SCHUMER: GAP BETWEEN PRICE PAID TO DAIRY FARMERS AND PRICE OF MILK IN STORES DRAMATICALLY INCREASING, HURTING BOTH FARMERS AND CONSUMERS; CALLS FOR IMMEDIATE FEDERAL INVESTIGATION
Prices Paid To Dairy Farmers Have Free-Fallen By Almost 50%, But Retail Milk Prices Have Only Fallen 15%, Costing Both Dairy Farmers and Consumers MillionsSchumer Calls For Federal Trade Commission And Department Of Justice To Immediately Investigate Discrepancy; Says It Defies Logic That Dairy Farmers Are Receiving Rock Bottom Prices When Price Of Milk In Stores Is Still High
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With dairy farmers across New York State in crisis and difficult economic times squeezing consumers' pocketbooks, U.S. Senator Charles E. Schumer today announced that he is calling on the Department of Justice and the Federal Trade Commission to immediately investigate the disconnect between the rock bottom prices that are being foisted on dairy farmers and the still sticky price of milk at the store. Schumer today released a report showing that while the price paid to dairy farmers for milk has cratered by almost 50% since January 2008 to historic lows that threaten the viability of countless dairy farms, the price consumers pay in grocery stores has fallen a mere 15% over the same period. Additionally, the amount of revenue dairy farmers receive per dollar consumers spend on milk has precipitously declined. That share has dropped from $.48 per dollar to $.30 per dollar since January 2008. This has lead to an astounding drop in the amount of revenue New York dairy farmers receive from retail milk sales - down to approximately $46 million from $84 million per month. At the same time, the profits of the nation's largest milk processor, Dean Foods, have doubled over the last year.
"At a time when our dairy farmers are struggling just to make ends meet, it is absolutely essential to find out why they are seeing such a small share of the profits from retail milk sales," said Schumer. "If some entity along the line is abusing or unfairly gaming the market, then we must stop them dead in their tracks. That is why I am asking the DOJ and FTC to investigate the baffling gap between the plummeting price farmers are receiving for their milk and the stickyhigh price of milk on stores' shelves."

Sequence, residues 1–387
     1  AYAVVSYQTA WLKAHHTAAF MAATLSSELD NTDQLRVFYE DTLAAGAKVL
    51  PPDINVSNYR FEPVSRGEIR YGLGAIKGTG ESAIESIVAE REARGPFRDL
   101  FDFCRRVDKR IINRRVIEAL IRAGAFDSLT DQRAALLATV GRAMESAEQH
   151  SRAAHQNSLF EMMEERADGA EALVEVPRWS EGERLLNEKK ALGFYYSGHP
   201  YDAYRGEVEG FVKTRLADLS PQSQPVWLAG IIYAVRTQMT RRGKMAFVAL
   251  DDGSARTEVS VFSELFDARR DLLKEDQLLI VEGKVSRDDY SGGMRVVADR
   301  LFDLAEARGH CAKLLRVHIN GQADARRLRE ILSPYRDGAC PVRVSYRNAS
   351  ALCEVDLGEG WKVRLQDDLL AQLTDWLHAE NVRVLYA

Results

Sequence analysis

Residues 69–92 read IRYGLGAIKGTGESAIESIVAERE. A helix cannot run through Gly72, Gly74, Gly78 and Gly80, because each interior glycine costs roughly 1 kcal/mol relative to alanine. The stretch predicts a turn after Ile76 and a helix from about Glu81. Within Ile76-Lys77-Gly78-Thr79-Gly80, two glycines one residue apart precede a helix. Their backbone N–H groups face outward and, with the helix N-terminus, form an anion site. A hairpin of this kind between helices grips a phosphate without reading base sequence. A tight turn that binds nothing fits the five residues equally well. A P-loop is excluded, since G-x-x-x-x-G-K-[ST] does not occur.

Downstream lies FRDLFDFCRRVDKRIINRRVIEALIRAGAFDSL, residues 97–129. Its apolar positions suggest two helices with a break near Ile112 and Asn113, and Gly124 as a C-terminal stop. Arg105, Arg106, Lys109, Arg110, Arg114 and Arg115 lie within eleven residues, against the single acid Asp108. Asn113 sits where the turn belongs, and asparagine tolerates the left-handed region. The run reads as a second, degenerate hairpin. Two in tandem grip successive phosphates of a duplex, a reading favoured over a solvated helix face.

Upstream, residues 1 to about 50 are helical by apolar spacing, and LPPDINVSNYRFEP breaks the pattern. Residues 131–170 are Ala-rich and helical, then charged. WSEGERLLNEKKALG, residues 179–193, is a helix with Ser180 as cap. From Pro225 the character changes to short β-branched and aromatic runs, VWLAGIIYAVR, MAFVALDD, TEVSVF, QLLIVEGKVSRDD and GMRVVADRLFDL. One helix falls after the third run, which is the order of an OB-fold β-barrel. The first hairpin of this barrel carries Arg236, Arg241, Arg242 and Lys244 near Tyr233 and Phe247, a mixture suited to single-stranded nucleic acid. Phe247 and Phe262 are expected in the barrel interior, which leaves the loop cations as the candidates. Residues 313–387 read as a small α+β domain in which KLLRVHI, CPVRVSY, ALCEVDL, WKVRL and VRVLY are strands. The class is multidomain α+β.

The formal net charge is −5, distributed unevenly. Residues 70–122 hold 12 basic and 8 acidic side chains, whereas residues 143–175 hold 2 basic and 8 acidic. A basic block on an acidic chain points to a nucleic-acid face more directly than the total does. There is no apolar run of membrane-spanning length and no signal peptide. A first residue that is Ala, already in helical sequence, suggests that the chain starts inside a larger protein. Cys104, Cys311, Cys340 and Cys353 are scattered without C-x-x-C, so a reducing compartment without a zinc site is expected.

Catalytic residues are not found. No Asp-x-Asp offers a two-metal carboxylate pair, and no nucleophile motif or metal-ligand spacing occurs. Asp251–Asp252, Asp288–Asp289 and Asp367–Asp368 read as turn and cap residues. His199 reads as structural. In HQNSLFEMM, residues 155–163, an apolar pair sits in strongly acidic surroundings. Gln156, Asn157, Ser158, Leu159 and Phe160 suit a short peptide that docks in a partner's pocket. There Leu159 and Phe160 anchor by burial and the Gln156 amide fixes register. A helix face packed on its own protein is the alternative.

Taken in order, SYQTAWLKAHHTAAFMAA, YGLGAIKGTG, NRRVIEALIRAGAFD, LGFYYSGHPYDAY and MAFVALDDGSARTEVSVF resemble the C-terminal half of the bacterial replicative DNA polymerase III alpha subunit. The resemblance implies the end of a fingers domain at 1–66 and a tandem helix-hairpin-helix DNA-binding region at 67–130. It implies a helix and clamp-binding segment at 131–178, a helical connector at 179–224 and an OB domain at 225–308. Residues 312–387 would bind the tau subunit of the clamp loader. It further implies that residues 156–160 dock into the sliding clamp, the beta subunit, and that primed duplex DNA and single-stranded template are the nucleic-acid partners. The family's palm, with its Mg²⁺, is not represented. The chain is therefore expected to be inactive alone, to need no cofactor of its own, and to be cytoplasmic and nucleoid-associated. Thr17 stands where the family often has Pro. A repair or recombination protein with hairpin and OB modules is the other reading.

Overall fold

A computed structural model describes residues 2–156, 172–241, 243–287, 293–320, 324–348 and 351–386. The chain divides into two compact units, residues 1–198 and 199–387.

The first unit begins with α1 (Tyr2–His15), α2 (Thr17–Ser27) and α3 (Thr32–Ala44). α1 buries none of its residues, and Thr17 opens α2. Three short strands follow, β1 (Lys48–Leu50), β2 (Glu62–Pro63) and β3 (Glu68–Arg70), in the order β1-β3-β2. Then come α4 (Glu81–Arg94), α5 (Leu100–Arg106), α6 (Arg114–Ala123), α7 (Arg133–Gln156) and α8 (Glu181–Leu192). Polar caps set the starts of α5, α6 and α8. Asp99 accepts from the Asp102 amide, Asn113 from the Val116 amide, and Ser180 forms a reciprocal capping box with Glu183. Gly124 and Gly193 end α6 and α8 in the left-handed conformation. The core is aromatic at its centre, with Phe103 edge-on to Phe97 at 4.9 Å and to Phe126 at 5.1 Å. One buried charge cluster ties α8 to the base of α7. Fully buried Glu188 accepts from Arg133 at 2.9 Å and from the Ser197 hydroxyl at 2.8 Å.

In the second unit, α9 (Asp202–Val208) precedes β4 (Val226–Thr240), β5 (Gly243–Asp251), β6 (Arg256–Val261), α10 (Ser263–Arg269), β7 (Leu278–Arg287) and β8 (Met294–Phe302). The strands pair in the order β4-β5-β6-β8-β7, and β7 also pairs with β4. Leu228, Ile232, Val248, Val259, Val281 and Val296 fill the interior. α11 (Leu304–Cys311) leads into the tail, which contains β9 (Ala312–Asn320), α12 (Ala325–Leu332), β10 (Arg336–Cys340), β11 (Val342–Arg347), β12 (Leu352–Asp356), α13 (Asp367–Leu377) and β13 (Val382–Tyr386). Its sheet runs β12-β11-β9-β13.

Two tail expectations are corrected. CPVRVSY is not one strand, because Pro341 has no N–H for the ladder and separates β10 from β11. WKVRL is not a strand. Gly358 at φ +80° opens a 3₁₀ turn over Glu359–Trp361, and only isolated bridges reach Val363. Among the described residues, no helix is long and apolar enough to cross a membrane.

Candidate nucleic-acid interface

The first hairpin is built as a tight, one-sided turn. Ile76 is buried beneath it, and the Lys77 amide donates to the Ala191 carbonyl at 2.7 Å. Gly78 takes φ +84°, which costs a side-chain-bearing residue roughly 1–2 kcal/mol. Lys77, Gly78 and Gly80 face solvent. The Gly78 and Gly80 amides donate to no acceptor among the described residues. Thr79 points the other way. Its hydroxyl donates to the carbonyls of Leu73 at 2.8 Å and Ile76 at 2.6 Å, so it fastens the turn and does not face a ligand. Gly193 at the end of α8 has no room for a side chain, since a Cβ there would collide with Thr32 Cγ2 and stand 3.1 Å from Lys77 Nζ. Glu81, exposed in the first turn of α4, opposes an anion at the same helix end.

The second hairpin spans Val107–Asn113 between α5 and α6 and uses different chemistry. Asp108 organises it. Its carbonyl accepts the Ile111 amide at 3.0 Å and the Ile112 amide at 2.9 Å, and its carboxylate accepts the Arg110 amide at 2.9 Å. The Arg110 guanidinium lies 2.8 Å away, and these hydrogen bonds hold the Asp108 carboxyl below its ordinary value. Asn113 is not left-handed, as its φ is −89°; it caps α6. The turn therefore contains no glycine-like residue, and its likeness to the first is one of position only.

Schumer today said that the U.S. dairy industry is in crisis and more must be done to help our dairy producers and family farms. Although the price that dairy farmers are paid remains lower than in nearly four decades, less than $1 for a gallon of milk, the cost that consumers pay for milk in stores remains relatively high, with a gallon of whole milk priced at $3.01. There seems to be a disconnect between the rock bottom prices that are being foisted on dairy farmers and the still sticky price of milk at the store. As a result of these plunging wholesale prices, family dairy farms across the country have gone out of business or are in severe danger of doing so. This is a disaster not only for the thousands of rural communities that rely on the dairy industry for support, but also for the many consumers who want fresh and locally produced food. Further, a reduction in the diversity of the supply of wholesale milk would likely lead to further vertical concentration in the dairy industry, concentrating market share - and pricing power - in the hands of a very few operations, an outcome that would weaken the interests of both dairy farmers and consumers.
Schumer today released a countybycounty report showing that while the price paid to dairy farmers for milk has dropped by almost 50% since January 2008, the price consumers pay in grocery stores has fallen only 15% over the same period.